Embracing that idea is not possible when a game itself limits its scope and reach so definitively. It disallows the player from adjusting his/her concept of game. As Sean Stacey explains in the webcast, “the mechanics of how you deliver game pieces, the information bits, to the audience… it doesn’t matter what the mechanics are or what you use, or whether it’s biased toward a single medium or spreads across a few media or uses every available medium there is. It doesn’t matter as long as you’re doing an Alternate Reality Game.”
Then my question becomes, and should have been, why are so many limiting themselves to just a few media?

In retrospect, comparing ARG generated text messages to the ‘joke of the day’ services painted a picture other than was intended. Certainly the comparison made it sound like the text messages were of no purpose within the game, which is definitely not true. The point I was trying to make was that text messages are inherently impersonal and as such, do a bit to pull the player out of the alternate reality. As Jonathan Waite points out, the text messages in Perplex City had a purpose, but only engaged the player at a passive level. The very definition of immersion implies active participation — being ‘in the midst of it all.’ Perhaps the limitations of the medium lends itself to be used sparingly, at least relative to other methods within an ARG.

I agree with Jessica Price that marauding a game as real life for its whole duration is not advisable, or possible. I would contend that any reasonably intelligent person would eventually discover they are part of a form of entertainment or art. With the current emphasis on puzzles used as ‘gates’ for players, it shouldn’t take too many rot13 solutions before the player realizes it’s something a bit more ‘alternative’ than their day job.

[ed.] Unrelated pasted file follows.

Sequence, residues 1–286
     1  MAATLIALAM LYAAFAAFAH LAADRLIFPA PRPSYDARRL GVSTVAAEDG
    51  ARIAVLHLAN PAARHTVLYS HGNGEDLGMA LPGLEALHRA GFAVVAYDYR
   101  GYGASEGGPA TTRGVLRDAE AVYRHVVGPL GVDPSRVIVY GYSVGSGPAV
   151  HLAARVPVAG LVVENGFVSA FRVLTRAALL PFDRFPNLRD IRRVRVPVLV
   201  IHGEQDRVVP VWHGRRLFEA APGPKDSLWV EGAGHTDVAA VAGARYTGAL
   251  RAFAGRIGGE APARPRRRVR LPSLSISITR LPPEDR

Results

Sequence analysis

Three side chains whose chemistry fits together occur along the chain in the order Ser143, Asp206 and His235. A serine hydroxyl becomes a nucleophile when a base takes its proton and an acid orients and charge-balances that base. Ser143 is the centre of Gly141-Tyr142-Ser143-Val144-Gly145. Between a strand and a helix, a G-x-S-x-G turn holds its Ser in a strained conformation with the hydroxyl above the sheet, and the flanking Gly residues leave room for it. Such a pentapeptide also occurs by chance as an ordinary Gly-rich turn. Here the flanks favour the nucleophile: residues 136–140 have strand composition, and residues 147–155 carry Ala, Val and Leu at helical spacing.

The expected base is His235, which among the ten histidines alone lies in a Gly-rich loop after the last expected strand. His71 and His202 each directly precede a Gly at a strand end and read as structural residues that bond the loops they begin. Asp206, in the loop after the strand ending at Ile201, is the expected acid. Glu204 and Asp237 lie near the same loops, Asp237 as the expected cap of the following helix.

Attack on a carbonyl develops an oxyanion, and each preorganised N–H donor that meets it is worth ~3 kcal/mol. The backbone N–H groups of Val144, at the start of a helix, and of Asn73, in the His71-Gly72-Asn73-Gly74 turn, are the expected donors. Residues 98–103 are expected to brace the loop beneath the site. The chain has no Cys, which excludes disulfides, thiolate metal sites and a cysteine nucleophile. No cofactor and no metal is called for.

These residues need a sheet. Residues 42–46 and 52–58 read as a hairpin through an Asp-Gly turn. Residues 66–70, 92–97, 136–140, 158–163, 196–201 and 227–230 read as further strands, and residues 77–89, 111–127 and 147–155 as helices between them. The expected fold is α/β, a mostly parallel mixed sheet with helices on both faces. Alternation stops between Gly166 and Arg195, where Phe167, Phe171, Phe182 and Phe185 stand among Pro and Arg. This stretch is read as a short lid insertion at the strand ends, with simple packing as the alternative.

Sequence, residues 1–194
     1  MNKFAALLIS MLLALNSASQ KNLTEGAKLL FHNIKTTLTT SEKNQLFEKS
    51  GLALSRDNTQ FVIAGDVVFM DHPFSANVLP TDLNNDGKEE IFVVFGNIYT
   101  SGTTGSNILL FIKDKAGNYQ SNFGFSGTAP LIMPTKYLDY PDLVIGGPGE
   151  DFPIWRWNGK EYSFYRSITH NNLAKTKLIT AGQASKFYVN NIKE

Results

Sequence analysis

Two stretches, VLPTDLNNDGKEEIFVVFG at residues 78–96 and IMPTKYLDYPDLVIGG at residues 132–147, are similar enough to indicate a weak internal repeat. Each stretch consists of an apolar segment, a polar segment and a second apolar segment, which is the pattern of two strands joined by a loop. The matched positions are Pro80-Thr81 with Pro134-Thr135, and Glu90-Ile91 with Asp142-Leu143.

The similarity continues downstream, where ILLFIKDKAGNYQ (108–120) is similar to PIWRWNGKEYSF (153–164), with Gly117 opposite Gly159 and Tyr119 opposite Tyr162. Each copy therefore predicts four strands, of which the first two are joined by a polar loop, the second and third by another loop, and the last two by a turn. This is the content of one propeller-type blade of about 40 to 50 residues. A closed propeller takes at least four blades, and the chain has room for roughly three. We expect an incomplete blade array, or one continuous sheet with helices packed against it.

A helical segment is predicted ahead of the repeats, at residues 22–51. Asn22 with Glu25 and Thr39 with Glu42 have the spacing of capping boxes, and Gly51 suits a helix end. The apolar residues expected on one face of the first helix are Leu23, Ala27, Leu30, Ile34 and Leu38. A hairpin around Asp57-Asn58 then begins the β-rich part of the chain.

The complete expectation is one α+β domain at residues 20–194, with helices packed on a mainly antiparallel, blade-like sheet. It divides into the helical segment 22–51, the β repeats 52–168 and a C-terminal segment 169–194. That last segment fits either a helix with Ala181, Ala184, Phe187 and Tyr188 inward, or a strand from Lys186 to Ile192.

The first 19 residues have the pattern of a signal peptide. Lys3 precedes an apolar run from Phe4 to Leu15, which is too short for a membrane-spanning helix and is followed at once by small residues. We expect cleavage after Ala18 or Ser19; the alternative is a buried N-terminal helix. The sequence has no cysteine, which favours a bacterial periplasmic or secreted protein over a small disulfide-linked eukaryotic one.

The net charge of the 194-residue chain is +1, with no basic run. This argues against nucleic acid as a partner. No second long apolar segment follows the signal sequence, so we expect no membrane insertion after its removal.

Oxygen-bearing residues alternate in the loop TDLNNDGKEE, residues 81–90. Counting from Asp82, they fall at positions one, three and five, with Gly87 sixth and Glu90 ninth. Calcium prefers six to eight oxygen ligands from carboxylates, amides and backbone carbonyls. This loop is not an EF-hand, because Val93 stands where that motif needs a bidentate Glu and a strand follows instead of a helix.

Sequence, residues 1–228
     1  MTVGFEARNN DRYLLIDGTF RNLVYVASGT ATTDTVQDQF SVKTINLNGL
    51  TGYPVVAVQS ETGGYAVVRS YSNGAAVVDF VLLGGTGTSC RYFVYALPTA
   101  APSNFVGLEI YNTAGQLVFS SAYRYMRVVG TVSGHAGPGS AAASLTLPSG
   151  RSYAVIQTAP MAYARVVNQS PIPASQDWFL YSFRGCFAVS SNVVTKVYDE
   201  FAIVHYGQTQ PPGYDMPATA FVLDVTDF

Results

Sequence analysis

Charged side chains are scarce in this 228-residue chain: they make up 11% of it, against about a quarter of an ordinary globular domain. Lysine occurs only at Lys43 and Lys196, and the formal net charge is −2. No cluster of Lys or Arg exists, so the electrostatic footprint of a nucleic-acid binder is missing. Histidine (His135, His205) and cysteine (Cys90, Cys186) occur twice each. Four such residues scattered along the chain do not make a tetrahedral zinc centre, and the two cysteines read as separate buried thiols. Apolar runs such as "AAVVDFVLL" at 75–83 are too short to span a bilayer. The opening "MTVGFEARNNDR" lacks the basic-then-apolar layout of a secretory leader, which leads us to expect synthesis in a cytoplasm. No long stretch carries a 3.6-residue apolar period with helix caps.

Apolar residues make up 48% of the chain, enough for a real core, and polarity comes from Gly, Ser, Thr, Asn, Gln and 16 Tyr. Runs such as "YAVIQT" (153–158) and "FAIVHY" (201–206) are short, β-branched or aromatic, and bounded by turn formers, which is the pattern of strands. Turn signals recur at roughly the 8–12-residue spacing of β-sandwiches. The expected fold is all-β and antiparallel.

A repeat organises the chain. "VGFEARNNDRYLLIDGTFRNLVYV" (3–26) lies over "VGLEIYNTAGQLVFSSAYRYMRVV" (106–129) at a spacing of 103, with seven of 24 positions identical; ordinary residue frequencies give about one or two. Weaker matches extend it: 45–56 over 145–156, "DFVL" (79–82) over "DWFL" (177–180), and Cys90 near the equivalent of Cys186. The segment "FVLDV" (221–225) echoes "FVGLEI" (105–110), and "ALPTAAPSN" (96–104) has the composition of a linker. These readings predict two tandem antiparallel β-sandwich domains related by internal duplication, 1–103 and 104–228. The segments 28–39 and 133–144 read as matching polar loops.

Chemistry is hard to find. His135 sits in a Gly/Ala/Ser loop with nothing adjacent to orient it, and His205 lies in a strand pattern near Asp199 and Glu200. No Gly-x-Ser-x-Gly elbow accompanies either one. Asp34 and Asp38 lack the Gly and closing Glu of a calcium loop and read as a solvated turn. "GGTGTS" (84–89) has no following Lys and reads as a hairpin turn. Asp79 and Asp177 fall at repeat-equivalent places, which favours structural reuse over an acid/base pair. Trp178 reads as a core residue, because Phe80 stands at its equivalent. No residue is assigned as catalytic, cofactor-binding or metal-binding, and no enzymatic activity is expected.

But so many ARGs explicitly or implicitly identify themselves as a game through future dates or deliberately admitting it’s fiction. Why not let the player figure it out? Why remove the mystery before the player had a chance to explore it?

I think Nico Demeter was the closest to grasping my original thoughts(credit to him). He says, “I think that his point though, that eventually it becomes such a unique experience that you boil it down to a select few.” He goes on to say, “he sees ARGs as something that eventually becomes a unique experience or at least a selective group of few individuals as opposed to something that’s out there that invites people to get involved and the ARG adjusts itself to the player base as opposed the player base kind of is weeded out because of the ARG.”
My billboard example with you, the player, being “certain the message was meant for you, because it was,” incorrectly gave the impression of targetting a small group of players. The idea is to create a system in which many people are certain that billboard was meant for them, but given the method with which the message was delivered, makes them wonder if that’s the case. They believe they are unique in this experience. The idea is to start and continue an ARG without it being so obvious that it’s a new game. The idea is to avoid 10,000 people all rushing to a single online forum to share with each other the same information and finding out that once again, they are not special and yes, it’s yet another similarly formatted ARG.